A patent grants
its owner the right to
exclude others from
or offering for sale,
the patented invention.
FAQ Different Types of Patents
...what can & can't be patented
What is a patent?
A patent is a set of exclusive rights granted by the government to an inventor. Specifically, a patent gives its owner, the inventor or a business to which such patent was transferred, the right to exclude others from making, using, selling, importing, or offering an invention for sale. This right is granted only for a limited period of time, and depending on its application may last for 14, 17, or 20 years.
What are the different types of patents?
There are three types of patents: 1) utility patent - focusing on the functionality of an apparatus, chemical compositions, and methods of doing business; 2) design patent - focusing on the uniqueness of the visible shape of an object; 3) plant patent - focusing on plants created using artificial methods like grafts, commonly known as asexually reproductive plants.
What can be patented?
Nearly anything can be patented as long as the invention satisfies the "novelty" and "unobviousness" requirements of the patent law. Simply stating, your invention must be different from what is already known to the public, and cannot be viewed as obvious by someone skilled in the field of expertise that your invention belongs to.
What can't be patented?
The most common things that cannot be patented are things that are not useful. Also, patents are not issued for abstract ideas, meaning ideas that cannot be shown in some physical form or displayed by words, numbers or letters. Therefore, you will not be able to patent scientific principles in the abstract, that is principles not directly associated with some physical hardware component. Above all, you will not be able to patent things that occur naturally in nature without human intervention. By the same token, you will not be able to patent any process performed only mentally. Other things, that could be useful and otherwise would qualify as patentable invention, like cloned human beings or atomic energy inventions, are also not patentable due to various moral and safety concerns.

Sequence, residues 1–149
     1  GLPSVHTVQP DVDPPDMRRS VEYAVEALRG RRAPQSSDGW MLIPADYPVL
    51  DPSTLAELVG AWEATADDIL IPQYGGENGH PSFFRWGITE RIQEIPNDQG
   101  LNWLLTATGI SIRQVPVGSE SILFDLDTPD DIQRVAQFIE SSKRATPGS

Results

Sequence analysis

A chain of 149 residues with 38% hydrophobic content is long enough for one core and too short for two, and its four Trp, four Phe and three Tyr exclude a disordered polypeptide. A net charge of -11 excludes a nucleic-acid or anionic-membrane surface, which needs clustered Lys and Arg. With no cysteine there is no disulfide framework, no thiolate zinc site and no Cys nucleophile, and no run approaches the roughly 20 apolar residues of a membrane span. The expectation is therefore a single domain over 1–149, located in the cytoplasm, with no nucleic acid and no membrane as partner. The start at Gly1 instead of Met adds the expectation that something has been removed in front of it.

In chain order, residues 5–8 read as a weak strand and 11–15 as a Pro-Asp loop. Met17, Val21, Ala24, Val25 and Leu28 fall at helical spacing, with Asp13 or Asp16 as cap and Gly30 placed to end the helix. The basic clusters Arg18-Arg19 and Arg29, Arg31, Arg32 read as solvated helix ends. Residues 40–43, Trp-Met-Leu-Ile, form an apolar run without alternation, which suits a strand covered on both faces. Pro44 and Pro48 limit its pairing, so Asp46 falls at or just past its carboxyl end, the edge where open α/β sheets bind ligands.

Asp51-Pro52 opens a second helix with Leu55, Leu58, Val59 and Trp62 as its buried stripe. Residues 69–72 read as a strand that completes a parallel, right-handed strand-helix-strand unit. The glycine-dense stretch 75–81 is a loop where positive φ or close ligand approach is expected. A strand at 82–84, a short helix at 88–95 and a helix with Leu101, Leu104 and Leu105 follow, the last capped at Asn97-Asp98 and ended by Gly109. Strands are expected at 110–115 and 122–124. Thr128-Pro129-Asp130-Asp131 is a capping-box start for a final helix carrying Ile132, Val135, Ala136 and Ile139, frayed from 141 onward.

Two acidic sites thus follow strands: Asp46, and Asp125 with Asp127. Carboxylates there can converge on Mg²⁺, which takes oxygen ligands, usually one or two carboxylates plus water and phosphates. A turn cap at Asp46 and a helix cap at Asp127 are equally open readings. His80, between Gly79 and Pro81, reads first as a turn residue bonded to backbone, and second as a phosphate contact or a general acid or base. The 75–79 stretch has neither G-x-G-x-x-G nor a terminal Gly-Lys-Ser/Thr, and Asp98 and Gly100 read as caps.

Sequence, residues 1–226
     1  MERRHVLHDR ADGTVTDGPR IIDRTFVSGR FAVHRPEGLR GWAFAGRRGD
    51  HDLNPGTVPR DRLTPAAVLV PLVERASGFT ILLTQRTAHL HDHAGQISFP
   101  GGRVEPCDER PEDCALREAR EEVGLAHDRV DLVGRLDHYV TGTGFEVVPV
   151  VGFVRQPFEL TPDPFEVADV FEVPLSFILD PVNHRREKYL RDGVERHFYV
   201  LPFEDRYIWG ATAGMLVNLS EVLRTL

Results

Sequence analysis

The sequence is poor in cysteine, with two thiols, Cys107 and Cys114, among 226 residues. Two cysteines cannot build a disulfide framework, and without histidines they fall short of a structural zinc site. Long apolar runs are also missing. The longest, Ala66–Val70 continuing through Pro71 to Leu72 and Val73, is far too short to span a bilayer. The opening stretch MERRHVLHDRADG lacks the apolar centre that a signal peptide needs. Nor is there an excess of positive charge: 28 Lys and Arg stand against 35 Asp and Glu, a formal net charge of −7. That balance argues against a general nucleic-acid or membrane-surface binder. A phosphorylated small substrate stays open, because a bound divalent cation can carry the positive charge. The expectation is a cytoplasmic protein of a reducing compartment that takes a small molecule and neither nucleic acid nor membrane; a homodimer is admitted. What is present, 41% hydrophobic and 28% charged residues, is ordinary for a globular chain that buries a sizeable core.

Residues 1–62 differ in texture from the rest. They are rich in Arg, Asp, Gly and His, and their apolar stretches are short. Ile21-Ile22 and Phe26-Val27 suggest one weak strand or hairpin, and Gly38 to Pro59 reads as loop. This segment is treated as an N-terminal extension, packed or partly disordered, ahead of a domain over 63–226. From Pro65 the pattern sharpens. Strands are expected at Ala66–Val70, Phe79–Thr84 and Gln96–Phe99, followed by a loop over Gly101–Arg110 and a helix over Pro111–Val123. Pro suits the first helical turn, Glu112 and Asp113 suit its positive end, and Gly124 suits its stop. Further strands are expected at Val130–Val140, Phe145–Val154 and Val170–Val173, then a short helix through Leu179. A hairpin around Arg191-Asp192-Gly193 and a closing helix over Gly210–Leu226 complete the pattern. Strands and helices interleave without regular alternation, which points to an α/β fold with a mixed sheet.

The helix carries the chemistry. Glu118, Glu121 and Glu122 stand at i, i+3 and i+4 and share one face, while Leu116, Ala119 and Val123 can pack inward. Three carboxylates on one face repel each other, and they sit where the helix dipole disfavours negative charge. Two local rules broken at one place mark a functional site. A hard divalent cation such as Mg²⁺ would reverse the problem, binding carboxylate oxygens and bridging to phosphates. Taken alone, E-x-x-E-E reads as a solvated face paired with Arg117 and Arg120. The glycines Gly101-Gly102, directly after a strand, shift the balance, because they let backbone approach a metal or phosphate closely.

Is it possible to lose a patent?
In short, absolutely. The patent rights can be lost for a variety of reasons. It can be lost for not paying the required maintenance fees (paid at 3-1/2, 7-1/2, and 11-1/2 after parent is granted), or simply because some previous patent (called "prior art") came to light showing that your invention isn't new after all. Also, you will lose your patent if you commit a fraud against the Patent Office; which frequently is associated with failure to disclose something material to patentability.